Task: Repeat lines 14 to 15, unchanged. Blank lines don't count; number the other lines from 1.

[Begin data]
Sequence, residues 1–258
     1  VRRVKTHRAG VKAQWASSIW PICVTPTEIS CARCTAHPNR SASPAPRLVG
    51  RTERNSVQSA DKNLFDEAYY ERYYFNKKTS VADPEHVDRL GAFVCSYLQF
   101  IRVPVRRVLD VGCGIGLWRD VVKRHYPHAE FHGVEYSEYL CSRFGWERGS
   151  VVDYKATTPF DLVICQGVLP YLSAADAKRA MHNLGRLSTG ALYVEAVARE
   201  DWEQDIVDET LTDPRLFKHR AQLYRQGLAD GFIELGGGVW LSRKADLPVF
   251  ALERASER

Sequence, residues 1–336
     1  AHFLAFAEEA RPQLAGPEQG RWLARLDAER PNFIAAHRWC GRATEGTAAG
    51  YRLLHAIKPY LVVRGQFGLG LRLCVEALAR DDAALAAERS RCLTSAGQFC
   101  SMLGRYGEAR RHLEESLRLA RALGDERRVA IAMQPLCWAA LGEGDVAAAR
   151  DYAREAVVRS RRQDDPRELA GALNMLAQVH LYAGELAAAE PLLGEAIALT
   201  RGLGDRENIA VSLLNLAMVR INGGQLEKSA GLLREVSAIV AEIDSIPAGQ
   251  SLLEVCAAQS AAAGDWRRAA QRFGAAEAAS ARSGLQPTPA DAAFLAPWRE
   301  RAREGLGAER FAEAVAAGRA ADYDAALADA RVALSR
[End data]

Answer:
   251  SLLEVCAAQS AAAGDWRRAA QRFGAAEAAS ARSGLQPTPA DAAFLAPWRE
   301  RAREGLGAER FAEAVAAGRA ADYDAALADA RVALSR